said Ms Martin.

5. Get the basics right

Ms Martin added:- “Check your spelling and grammar before submitting the application. Admissions selectors are assessing your ability to write an essay to university standard. Think about your paragraph and sentence structure.”

6. Don’t try to sound too clever

It's important to use language you are comfortable with so as not to lose the focus of your writing. Ms Martin explained:- "Try not to go too far and use words you wouldn't normally choose, to try and sound more 'academic'. For example, an 'incomparable orator' is more naturally described as 'having an aptitude or interest in public speaking'."

7. Take time and make it your best work

Applicants’ personal statements help institutions identify suitable candidates, especially in the most competitive courses. Rushing will mean mistakes and not provide you with enough time to get it checked over by your parents or teachers.

8. Don't leave it until the last minute - remember the 15 January deadline!

The deadline for most courses starting next year is 15 January 2012. While that may still seem like a long way off, it is never too early to start drafting your personal statement.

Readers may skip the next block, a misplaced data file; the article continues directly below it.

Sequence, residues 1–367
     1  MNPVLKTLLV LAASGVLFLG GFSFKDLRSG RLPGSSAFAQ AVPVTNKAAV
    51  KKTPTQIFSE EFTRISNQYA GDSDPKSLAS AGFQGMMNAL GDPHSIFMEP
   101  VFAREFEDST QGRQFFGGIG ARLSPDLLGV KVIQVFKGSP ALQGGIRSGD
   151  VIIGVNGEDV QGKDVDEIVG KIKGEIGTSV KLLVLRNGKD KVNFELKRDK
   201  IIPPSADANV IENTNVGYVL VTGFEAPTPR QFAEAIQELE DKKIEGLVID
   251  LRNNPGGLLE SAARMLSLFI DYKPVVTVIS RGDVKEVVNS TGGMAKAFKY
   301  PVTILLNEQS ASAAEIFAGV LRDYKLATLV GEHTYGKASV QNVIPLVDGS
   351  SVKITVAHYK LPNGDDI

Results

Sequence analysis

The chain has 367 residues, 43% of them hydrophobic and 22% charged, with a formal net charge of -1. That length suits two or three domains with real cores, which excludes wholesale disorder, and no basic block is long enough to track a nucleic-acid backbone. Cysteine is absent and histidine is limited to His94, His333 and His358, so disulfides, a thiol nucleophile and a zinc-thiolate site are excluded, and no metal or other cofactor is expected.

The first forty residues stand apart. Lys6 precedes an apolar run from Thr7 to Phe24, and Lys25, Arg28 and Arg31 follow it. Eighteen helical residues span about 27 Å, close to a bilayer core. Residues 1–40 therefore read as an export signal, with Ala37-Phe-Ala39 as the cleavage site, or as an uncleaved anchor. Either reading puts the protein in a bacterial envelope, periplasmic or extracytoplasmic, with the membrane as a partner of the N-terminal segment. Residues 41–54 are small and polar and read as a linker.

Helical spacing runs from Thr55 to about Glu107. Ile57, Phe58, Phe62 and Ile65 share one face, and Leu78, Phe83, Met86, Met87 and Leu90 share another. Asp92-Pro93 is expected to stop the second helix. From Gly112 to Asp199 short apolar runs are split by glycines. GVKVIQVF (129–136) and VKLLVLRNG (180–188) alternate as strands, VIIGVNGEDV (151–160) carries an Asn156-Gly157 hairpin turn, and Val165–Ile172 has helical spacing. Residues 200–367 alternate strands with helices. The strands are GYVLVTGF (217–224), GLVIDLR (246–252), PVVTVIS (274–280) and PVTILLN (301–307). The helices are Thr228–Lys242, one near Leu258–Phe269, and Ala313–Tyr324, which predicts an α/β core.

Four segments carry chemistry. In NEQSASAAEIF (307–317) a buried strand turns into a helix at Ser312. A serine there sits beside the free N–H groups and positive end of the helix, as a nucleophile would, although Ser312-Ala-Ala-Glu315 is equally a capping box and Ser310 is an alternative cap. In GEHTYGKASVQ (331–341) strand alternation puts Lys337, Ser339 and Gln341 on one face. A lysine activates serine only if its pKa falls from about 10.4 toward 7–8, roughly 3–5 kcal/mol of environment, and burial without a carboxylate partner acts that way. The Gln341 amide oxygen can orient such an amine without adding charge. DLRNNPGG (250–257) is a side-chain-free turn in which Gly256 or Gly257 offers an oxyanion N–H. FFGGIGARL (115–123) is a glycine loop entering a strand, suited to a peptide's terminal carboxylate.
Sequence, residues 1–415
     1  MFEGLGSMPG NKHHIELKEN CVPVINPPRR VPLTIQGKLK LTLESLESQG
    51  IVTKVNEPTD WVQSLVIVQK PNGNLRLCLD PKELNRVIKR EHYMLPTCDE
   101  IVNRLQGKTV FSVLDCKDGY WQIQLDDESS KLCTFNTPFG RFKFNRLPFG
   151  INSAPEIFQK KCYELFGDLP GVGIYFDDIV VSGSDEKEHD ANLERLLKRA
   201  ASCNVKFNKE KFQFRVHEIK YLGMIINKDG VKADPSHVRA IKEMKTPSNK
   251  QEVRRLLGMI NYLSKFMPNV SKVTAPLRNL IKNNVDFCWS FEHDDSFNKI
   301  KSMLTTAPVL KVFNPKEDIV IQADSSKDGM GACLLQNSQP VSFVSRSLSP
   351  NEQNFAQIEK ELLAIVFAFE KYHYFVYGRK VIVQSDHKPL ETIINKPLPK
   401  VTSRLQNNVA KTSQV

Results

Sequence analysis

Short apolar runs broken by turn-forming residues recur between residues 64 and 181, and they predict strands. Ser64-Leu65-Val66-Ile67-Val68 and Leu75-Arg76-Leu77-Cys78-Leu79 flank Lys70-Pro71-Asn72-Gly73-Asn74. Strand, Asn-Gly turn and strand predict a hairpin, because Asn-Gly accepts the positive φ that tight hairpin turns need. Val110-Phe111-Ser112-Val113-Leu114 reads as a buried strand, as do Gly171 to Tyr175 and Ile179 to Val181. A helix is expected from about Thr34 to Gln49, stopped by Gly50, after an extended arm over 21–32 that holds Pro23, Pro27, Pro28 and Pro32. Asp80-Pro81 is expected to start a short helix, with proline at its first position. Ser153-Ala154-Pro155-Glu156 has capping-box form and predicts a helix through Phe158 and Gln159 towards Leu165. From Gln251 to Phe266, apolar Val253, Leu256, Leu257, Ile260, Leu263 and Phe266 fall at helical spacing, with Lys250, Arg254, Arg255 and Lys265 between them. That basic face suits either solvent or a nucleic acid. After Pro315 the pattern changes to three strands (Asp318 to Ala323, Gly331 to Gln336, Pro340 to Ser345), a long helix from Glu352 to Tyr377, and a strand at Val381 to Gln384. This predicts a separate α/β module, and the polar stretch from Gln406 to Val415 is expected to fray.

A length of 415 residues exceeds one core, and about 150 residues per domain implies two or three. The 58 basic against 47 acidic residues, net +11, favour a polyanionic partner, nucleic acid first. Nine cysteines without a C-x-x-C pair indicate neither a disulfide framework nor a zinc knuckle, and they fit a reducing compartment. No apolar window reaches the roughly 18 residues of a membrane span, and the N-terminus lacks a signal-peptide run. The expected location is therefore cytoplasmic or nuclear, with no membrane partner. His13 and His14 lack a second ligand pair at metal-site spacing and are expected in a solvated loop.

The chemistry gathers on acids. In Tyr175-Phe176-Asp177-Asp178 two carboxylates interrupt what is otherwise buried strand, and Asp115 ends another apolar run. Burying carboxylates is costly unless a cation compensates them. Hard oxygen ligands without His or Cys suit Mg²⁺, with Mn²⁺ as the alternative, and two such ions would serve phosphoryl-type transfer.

9. Get a second opinion

"If you want your personal statement to sell your abilities to a university, it is quite nice to get feedback from parents or family members on how they see you and the right words to describe yourself.”
said Ross Sanger.

10. Honesty is the best policy

Every personal statement is checked against a library of those previously submitted to UCAS, sample statements, and other sources. Any statement showing a level of similarity of ten per cent or more is reviewed by members of the UCAS Similarity Detection Service Team.

Beverley Woodhams said:- "Be honest and enthusiastic. Don't make exaggerated claims as you could be questioned in some detail at the interview on the things you claim.”